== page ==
The magic lantern is a very old invention that served as a primitive slide projector. As improvements were made, the magic lantern eventually produced moving pictures as well.
The device was created in Europe during the 1600s and introduced in America during colonial times. The first documented use of a magic lantern in the colonies was in 1743 in Salem, Massachusetts.
The magic lantern went through various updates and improvements and remained in popular use up until the early 1950s when it was replaced by the electric slide projector.
What a Magic Lantern Is
A magic lantern is a simple form of image projector that requires a light source, a concave mirror to help intensify and focus the light, and a lens to project a painted picture from a glass slide onto a wall or projection screen.
Early lighting sources for magic lanterns involved flame, so magic lanterns all had chimneys for the rising smoke.
The slides created for the lanterns were hand-painted images on glass. Initially only black paint was used but artists quickly learned the merits of bright, rich colors. At first, one image was shown at a time, but it didn’t take long for users to realize that images presented in quick sequence could make a projected picture appear to be moving. (Think of the illusion of animation achieved when you thumb through a flip book sold in gift stores today.)
The first lanterns used candle light. The flames were small so the images were pale. Even in a darkened room the projected pictures were visible to only a few people.
Lantern users were determined to create more powerful lighting. One advance—the use of limelight—was quite remarkable. By heating a cylinder filled with quicklime (calcium oxide), a bright white light was created. To heat quicklime, however, required heating a gas mixture to a high temperature. The process was dangerous, so it could only be done under carefully controlled circumstances.
The illumination was magnificent, however, and showmen began using limelight to project images for small audiences. As they mastered the lighting technique, the audience size grew to be as many as a thousand people.
By the mid-19th century, kerosene was being used for magic lanterns in smaller venues. Kerosene oil did not give off the brightness of limelight but was safer to use. What was lost on size of audiences, however, was gained in the number of people who could use a magic lantern. The instrument began to be used by churches and schools and by various performers. Eventually small magic lanterns were even created for children.
Uses of the Magic Lantern
Because a Dutch scientist (Christiaan Huygens) is thought to have been the inventor of what became the magic lantern, one must assume that the original purpose of the device was educational. But given the possibilities of showing images and telling stories, it’s no wonder that the lantern was quickly adapted for entertainment. (The fact that it was called a “magic” lantern certainly alludes to the fact that it was something special and enjoyable.)
The early slides were all hand-painted by individual artists, but over time, companies came up with ways to speed the process. When slides were easier to reproduce, an increasing number of lanterns were put into use. In Europe and the United States, “traveling lanternists” went from town to town to entertain. Many of these men probably sold products as well.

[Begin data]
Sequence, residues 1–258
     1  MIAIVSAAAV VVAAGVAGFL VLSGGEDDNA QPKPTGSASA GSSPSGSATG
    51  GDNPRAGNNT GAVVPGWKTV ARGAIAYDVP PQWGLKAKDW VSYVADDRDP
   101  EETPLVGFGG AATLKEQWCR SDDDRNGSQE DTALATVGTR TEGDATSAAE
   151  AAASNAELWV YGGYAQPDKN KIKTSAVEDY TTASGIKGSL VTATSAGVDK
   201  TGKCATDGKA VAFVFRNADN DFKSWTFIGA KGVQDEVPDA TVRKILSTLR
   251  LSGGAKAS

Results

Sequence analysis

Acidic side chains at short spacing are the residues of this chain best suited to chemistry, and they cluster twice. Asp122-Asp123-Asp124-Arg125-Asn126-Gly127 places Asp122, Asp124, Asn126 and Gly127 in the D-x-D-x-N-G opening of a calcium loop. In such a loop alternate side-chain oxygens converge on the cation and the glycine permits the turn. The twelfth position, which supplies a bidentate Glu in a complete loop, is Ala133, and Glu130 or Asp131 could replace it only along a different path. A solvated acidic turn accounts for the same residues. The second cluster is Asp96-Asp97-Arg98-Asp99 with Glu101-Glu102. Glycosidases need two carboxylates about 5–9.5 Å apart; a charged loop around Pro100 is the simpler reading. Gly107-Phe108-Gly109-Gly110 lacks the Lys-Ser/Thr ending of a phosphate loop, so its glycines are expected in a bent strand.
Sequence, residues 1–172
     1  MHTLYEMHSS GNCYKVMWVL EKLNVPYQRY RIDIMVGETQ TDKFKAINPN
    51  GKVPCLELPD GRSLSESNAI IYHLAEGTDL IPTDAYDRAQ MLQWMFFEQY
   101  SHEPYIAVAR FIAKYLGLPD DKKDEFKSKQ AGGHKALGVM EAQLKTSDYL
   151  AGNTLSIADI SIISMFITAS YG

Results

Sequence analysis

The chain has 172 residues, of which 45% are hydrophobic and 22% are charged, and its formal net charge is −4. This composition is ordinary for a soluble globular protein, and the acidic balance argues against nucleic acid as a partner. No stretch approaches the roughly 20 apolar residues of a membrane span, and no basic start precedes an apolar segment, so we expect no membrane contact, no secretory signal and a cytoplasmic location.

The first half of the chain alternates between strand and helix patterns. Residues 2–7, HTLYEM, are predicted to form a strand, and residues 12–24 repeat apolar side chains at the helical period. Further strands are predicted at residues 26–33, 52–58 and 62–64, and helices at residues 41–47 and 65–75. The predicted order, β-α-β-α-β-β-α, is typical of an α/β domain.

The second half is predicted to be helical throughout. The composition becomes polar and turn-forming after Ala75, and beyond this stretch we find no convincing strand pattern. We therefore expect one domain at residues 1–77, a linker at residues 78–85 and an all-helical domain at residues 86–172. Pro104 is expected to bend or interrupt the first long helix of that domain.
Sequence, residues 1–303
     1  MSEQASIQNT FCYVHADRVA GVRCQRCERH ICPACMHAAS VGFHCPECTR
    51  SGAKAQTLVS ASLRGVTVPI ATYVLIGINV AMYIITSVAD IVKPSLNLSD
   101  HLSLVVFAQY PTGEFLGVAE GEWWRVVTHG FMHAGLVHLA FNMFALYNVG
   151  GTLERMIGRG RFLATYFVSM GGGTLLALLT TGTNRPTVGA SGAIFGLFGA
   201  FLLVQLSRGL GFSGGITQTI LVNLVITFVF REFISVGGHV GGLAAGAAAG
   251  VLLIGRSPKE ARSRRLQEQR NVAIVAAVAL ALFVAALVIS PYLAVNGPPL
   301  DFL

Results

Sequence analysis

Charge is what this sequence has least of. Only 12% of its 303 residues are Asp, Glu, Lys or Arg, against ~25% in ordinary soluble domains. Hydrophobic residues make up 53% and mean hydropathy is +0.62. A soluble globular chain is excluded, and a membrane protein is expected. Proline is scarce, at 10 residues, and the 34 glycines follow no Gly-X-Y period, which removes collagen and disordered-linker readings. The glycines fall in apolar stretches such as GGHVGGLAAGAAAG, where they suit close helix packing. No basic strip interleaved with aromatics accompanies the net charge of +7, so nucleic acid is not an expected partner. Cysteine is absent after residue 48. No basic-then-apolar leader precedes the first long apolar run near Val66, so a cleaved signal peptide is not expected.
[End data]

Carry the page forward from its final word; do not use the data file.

The 19th century fascination with ethereal beings meant that during that time, the lantern could be used as a way to depict ghosts. Users soon found that by slowly moving the slides quite an eerie scene could result.
Early movement of the projected images was created by “slipping slides.” The artist painted several pictures along a thin length of glass. Then the lanternists could pull the glass slowly past the opening to create movement. For a humorous take, the slide could be moved back and forth repeatedly. A person’s eyes could appear to pop back and forth, or a fish could leap out of the water again and again.
Another advance involved layering images on top of each other. One company created “biunials” (a double projector—one on top of the other). A competitor came up with a “triunial” that offered three opportunities to overlay images.
With those changes came more ways to create movement. With a biunial or triunial, one image could remain stationary while the other slide was put in motion by hand or by a simple mechanism. Slides were soon painted on discs that could be spun around, giving the illusion of continuous movement.
On the video embedded, you can see a mouse climbing up the covers on a bed until he is close enough to jump into the man’s mouth—at which point the sleeping man’s mouth can be shown to open and close.
Another technique involved dissolving one image into another. This required artistry in terms of lowering the light in one lantern while bringing up the light in another.
Electric light bulbs were a big advance in creating a strong light for the lanterns, but it changed the artistry. At first, the electric light was either on or off. It took time to learn to manipulate electricity in the same way that lanternists could with flame.
Chromatropes were also popular. They were made with two painted glass discs that rotated in opposite directions, creating those mesmerizing spinning circles that seem to move in and out.
Magic lanterns were truly remarkable inventions that were used for a very long time. Considering their longevity (about 300 years), it’s amazing that so few know of them today.
A reader has informed me that the largest collection of magic lanterns is now at the Witte Museum in San Antonio. The collection was assembled by Jack Judson who displayed them in his own museum until his death in 2017. He then bequeathed the collection to the Witte Museum.
To read about another movie-related invention, read about Drive-In Movie Theaters.